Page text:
Only days after Donald Trump's venomous CPAC speech denouncing refugees as "Poisonous Snakes" (recalling Adolf Hitler's similar attacks against Jews, communists and other targeted people), the Supreme Court, in yet another split along party lines (5-3, with Justice Kagan recusing herself), ruled that there are no statutory provisions preventing the government from detaining asylum seekers and other immigrants who lack legal status or have committed minor crimes indefinitely while awaiting deportation.

While this ruling may arguably have some justification on narrow grounds of statutory interpretation, the majority, in effect, ignored the obvious 5th amendment violation inherent in indefinite detention, and kicked that issue back to the 9th Circuit for decision.

This virtually guarantees that in another year or two, this issue will be back in the Supreme Court, after the almost inevitable 9th Circuit decision that indefinite detention of immigrants does indeed violate the constitution.

Meanwhile, thousands of immigrants awaiting asylum decisions or deportation will continue to languish, without the right to bail hearings, in detention centers which, while enriching private prison CEO Trump campaign donors, are also generating increasing numbers of detainee fatalities in what is coming under more and more criticism over concentration camp-like conditions.

For further comment on this decision, Jennings v. Rodriguez, and a link to the full decision, including Justice Breyer's vigorous dissent on the grounds that the majority ignored centuries of legal precedents guaranteeing individual liberties and human rights see:

So much for the individual liberties and human rights of "Poisonous Snake" refugees and asylum seekers in the Donald Trump Era.

In the meantime, USCIS has issued new restrictions governing H-1B workers who are placed with third parties, which, under the pretext of allegedly combating "abuses" are likely to intimidate and discourage potential H-1B employers even further from hiring foreign skilled and professional workers in this category.

As the memo states, these new H-1B restrictions are in furtherance of the campaign against skilled immigrants, many of whom are from Asia, contained in Trump's "Buy American, Hire American" executive order. On its face alone, this order is obviously meant to overturn the spirit, if not the letter, of the H-1B and other sections of the immigration of laws allowing for employment of foreign workers without first requiring recruitment of US workers. See:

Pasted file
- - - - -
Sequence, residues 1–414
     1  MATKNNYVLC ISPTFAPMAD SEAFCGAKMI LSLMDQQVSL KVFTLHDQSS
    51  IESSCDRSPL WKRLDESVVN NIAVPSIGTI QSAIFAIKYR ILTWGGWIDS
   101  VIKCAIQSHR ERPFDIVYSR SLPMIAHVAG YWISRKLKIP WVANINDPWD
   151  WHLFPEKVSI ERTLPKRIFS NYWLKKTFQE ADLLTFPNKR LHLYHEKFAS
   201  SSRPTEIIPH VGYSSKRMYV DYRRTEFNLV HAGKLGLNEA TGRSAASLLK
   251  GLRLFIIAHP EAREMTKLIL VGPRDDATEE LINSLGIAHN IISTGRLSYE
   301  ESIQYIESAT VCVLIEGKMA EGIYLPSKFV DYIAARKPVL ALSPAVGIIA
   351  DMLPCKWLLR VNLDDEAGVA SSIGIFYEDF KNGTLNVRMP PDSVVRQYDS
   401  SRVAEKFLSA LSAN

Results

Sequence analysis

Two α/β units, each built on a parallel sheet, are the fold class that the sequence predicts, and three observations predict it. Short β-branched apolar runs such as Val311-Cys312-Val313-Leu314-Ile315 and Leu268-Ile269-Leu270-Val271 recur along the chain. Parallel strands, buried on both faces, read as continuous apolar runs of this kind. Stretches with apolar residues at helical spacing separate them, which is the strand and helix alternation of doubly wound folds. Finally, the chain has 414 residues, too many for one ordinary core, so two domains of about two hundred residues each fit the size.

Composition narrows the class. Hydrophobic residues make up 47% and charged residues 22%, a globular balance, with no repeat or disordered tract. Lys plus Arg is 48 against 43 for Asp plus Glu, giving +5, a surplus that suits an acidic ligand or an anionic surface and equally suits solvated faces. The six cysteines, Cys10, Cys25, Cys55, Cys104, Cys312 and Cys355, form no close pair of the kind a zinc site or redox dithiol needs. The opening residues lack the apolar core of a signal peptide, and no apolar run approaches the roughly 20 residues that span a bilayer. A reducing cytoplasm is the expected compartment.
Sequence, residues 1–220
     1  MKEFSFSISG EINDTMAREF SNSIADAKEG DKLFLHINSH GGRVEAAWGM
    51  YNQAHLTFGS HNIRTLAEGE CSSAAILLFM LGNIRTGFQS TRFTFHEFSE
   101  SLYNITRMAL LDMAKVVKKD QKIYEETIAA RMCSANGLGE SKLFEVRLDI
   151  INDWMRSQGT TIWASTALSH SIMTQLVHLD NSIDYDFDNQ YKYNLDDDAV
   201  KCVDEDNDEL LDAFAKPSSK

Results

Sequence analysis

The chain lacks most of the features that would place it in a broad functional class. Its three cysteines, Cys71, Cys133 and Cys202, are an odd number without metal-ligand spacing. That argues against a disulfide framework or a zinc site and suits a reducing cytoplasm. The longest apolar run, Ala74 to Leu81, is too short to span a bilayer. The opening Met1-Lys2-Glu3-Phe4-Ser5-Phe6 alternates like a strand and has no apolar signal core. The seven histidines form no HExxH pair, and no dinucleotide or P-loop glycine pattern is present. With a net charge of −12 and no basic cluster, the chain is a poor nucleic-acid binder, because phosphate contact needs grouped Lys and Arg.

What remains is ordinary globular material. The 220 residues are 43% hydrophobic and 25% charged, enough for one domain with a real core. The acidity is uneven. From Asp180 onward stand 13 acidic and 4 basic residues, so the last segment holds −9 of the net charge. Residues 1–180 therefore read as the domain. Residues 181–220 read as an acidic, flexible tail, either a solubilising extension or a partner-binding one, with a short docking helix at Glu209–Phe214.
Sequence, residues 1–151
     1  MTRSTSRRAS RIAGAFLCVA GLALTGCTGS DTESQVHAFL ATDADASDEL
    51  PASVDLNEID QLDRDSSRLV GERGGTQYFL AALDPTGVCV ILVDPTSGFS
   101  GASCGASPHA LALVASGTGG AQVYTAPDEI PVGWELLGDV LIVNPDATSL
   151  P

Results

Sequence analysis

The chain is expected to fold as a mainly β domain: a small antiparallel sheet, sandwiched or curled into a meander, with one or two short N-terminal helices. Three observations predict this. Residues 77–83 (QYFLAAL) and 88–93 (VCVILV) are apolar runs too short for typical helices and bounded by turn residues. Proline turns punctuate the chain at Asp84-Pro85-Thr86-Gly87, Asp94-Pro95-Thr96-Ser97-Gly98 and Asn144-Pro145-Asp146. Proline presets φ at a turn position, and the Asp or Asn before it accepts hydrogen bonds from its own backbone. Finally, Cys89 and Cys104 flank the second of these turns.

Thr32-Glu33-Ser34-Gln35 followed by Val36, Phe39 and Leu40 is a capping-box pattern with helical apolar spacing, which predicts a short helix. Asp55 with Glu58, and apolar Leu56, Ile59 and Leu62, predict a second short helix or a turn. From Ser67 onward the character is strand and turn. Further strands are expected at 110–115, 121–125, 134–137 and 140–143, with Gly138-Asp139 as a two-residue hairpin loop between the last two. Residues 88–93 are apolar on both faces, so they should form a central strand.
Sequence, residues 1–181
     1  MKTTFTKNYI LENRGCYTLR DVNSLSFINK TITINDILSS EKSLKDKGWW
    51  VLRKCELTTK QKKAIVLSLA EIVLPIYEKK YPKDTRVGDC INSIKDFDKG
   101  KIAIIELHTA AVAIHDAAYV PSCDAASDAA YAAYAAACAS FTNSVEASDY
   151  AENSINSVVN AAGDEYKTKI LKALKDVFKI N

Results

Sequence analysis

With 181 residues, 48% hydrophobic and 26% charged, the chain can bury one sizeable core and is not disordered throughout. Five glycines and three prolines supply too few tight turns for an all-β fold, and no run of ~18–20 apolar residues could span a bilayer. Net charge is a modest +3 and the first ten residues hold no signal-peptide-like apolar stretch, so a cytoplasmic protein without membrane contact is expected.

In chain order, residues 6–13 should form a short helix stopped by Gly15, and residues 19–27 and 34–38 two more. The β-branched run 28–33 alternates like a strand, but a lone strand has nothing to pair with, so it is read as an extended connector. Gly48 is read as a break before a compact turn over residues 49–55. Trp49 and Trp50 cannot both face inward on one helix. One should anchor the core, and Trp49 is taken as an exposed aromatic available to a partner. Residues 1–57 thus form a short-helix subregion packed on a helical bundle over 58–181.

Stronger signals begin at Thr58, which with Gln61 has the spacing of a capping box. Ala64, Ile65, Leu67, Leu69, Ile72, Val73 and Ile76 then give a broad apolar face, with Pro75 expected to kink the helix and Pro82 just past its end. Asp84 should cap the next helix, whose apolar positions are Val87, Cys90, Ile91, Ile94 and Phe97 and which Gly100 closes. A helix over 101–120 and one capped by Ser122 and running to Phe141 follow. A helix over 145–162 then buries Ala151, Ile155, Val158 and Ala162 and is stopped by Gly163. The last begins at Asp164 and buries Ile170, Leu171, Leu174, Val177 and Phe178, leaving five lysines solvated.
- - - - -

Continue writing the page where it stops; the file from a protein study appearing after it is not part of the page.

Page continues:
In another move showing that Trump's threats against various groups of minority immigrants need to be taken seriously, ICE has evidently followed up on Trump's recent denunciation of California's Sanctuary State policies and threat to pull ICE out of that state entirely by arresting more than 150 immigrants, most of whom had records of DUI or other relatively minor crimes, in the San Francisco Bay area.

See also:

One can be sure that in the battle between the growth of presidential power in the direction of authoritarian control over immigration on the one hand, and the basic rights of primarily Asian, African, Middle Eastern and Latin American immigrants and their US sponsors as guaranteed by a democratic society on the other, authoritarian power used in support of limiting or reducing non-white immigration is making substantial gains in Donald Trump's America.
Roger Algase is a New York immigration lawyer and a graduate of Harvard College and Harvard Law School. For more than 30 years, he has been helping mainly skilled and professional immigrants from diverse parts of the world obtain H-1B and other work visas, as well as both employment and family-based green cards. Roger's email address is